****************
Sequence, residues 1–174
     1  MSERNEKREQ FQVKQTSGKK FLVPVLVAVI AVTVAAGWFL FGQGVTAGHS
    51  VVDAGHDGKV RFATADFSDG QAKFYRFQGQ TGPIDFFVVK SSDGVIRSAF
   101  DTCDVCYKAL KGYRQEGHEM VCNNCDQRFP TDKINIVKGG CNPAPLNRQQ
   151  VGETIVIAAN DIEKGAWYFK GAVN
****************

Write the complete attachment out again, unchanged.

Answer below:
Sequence, residues 1–174
     1  MSERNEKREQ FQVKQTSGKK FLVPVLVAVI AVTVAAGWFL FGQGVTAGHS
    51  VVDAGHDGKV RFATADFSDG QAKFYRFQGQ TGPIDFFVVK SSDGVIRSAF
   101  DTCDVCYKAL KGYRQEGHEM VCNNCDQRFP TDKINIVKGG CNPAPLNRQQ
   151  VGETIVIAAN DIEKGAWYFK GAVN